27. 27.  HERNIORRAPHY :  Consist of herniotomy and repair of posterior wall of the inguinal canal by apposing the conjoin tendon to the inguinal ligament.  Indicated in –  direct hernia  Recurrent hernia  Fascia transversalis is weak
  28. 28. Bassini repair  After extraction of the hernia sac, we are taking spermatic duct on holders.  Between the borders of transverse muscle, internal oblique muscle, transverse fascia and inguinal ligament interrupted sutures placed.  Except that, couples sutures placed between border of abdominal rectus muscle sheath and pubic bone periosteum.
  29. 29.  In such way, inguinal space closured and posterior wall strengthened.  Spermatic duct placed on the new-formed posterior wall of the inguinal channel.  Over the spermatic duct aponeurosis restored by interrupted sutures.
  30. 30. Hernioplasty  Consist of herniotomy + repair of posterior wall of inguinal canal by filling the gap between conjoined tendon and inguinal ligament filled by fibrius tissue.  Indication – all cases of direct hernia Recurrent hernia Indirect hernia with poor muscle tone
  31. 31. Assessment  History – vomiting, intestinal obstruction, lump, abdominal distension.  Past surgical history  O/O: local :  Redness + around hernia  Swelling  Skin chnages  Lump  Effect of coughing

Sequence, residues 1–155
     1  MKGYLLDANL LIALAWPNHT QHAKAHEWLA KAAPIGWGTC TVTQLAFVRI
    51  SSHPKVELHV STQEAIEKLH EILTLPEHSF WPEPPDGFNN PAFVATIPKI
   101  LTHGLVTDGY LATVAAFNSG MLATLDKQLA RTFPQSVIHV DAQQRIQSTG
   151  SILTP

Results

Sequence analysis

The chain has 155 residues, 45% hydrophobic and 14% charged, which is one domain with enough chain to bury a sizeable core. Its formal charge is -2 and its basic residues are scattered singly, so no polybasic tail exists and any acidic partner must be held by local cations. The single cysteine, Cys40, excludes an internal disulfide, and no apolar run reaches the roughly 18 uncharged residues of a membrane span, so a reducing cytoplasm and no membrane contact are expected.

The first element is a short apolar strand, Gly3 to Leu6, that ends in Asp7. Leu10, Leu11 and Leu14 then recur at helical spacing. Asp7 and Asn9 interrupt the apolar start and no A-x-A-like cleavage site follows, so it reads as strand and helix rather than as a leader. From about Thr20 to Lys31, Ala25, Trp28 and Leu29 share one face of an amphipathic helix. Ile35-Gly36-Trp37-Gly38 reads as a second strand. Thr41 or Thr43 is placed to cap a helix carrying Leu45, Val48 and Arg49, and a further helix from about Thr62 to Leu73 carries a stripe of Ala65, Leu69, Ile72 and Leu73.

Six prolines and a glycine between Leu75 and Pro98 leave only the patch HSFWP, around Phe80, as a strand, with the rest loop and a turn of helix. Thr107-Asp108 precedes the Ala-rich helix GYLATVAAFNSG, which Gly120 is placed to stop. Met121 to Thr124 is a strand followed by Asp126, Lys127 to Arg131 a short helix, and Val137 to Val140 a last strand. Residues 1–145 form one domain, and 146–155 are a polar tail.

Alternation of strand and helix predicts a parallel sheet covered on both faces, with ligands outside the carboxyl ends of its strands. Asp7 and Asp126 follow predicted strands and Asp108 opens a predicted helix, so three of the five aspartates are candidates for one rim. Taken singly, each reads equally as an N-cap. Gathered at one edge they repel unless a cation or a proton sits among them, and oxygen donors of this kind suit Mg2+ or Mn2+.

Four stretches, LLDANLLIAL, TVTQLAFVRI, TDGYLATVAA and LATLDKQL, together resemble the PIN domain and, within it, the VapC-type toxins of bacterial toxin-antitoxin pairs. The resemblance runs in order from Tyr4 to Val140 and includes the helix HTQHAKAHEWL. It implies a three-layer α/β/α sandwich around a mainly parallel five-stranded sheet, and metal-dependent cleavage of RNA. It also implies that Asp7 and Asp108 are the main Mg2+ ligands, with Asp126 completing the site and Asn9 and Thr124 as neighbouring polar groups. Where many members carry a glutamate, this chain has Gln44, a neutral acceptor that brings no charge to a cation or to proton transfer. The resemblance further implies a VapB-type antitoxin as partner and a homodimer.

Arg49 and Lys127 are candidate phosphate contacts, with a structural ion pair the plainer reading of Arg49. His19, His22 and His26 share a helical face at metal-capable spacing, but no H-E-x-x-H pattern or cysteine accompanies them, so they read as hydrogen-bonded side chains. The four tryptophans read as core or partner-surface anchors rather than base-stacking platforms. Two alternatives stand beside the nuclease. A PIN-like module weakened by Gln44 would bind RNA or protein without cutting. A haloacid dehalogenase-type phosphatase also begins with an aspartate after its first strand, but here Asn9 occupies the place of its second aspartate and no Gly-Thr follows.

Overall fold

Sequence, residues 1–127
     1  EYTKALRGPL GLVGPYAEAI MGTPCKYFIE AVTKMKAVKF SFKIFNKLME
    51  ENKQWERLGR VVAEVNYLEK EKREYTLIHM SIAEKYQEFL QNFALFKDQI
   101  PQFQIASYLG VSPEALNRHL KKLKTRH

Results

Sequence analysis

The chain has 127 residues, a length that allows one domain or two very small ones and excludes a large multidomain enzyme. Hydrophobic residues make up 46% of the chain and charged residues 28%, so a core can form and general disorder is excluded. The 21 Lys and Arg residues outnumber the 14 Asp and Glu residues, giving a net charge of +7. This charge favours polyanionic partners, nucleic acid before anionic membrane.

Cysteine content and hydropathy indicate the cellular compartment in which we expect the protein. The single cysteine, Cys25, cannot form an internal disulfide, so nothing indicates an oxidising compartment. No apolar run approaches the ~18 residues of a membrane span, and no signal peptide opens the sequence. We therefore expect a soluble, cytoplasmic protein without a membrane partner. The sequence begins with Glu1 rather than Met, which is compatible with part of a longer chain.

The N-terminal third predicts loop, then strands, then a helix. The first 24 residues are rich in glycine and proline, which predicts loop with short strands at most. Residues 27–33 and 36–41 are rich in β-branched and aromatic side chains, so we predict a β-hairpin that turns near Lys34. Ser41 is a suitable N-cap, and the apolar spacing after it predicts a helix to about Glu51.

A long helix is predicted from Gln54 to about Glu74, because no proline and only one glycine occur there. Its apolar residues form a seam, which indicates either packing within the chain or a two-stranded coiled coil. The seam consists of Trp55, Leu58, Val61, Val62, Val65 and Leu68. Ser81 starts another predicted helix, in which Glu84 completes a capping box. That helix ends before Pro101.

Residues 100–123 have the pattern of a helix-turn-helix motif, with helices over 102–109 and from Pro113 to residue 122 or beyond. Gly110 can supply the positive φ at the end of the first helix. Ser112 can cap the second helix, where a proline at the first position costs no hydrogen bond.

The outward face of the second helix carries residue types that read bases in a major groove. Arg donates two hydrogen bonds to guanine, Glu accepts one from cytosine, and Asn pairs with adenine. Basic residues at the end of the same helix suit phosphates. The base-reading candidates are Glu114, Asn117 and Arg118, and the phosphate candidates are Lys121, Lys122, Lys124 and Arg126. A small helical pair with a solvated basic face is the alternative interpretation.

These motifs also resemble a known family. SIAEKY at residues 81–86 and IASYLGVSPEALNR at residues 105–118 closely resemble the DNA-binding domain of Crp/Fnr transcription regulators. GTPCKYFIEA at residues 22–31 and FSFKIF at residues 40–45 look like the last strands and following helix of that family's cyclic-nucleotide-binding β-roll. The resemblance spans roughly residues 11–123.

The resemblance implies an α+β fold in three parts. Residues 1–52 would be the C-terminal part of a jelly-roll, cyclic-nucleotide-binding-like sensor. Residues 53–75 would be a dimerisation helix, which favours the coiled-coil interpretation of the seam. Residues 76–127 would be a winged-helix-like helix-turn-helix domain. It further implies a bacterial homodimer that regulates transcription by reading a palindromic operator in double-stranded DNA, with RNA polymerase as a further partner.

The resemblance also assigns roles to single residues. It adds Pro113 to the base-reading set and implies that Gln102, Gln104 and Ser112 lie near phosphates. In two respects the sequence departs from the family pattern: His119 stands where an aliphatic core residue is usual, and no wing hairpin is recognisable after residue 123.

32. 32.  O/P:  Temperature  Tenderness  Swelling  On percussion:  Resonant : intestine  Dull : omentum, extraperitoneal fatty tissue  O/E:  Pain  ROM  MMT  ADL
  33. 33. Physiotherapy management  AIM Increase strength of abdominal muscles Proper positioning Soft tissue healing- 3-4 weeks, muscles – 7-12 days  Pre operative  Chest physiotherapy  Exercise tolerance test  Improve muscle strength
  34. 34. POST-OPERATIVE MANAGEMENT Day 0 • Assessment • Operation notes • Level of consciousness • Level of pain • Analgesia • Wound site
  35. 35. • Attachments • Position of patient • Auscultation • Homan’s sign Treatment  More emphasis on respiratory and circulatory functions. Patient should repeat exercise hourly.
  36. 36. Day 1 • Mobility exercise: rolling to side lying, pushing up to sitting position. • Deep breathing exercises every hourly. • Supported coughing. • Calf stretch and ankle pumps every quarter hourly.
  37. 37. • Unilateral upper limb movements to improve chest expansion every hourly. • Abdominal massage in the direction of large bowel helps to reduce abdominal pain due to ‘gas’.
  38. 38. Day 2  Encourage walking for short distance with assistance.  Continuation of day 1 exercises.  Add pelvic rocking and abdominal drawing in exercises.
  39. 39. Day 3 onwards  Longer periods of sitting out and walking.  Continuation of previous exercises.  Pelvic floor exercises if there is no catheter in situ. 5 repetition of five sec hold.  Posture and back care advises.
  40. 40. Femoral hernia…  Lower limb mobility is more important.  Wear inguinal belt  Squatting, weight lifting after 3 months
  41. 41. Complications… DURING OPERATION  Injury to vein or nerve  Urinary bladder  Inferior epigastric vessels  Contents of sac EARLY POST OPERATIVE  Retention of urine  Inflammation of spermatic cord, scrotum  Wound infection
  42. 42. LATE POST OPERATIVE  Reccurance  Neurologic pain due to involvement of ilioinguinal nerve in suture  Painful scar  Atrophy of testis due to testicular nerve due to compression of spermatic cord  Epidermal cyst
  43. 43. Thank you